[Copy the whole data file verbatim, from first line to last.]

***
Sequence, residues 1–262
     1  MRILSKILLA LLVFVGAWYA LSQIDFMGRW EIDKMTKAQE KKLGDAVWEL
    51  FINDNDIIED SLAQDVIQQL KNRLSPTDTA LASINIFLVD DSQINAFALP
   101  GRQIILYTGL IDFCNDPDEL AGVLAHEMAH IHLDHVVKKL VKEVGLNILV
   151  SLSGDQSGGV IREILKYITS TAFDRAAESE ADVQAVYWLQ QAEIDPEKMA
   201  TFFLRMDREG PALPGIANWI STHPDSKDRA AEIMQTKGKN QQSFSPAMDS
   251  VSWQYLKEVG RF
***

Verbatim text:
Sequence, residues 1–262
     1  MRILSKILLA LLVFVGAWYA LSQIDFMGRW EIDKMTKAQE KKLGDAVWEL
    51  FINDNDIIED SLAQDVIQQL KNRLSPTDTA LASINIFLVD DSQINAFALP
   101  GRQIILYTGL IDFCNDPDEL AGVLAHEMAH IHLDHVVKKL VKEVGLNILV
   151  SLSGDQSGGV IREILKYITS TAFDRAAESE ADVQAVYWLQ QAEIDPEKMA
   201  TFFLRMDREG PALPGIANWI STHPDSKDRA AEIMQTKGKN QQSFSPAMDS
   251  VSWQYLKEVG RF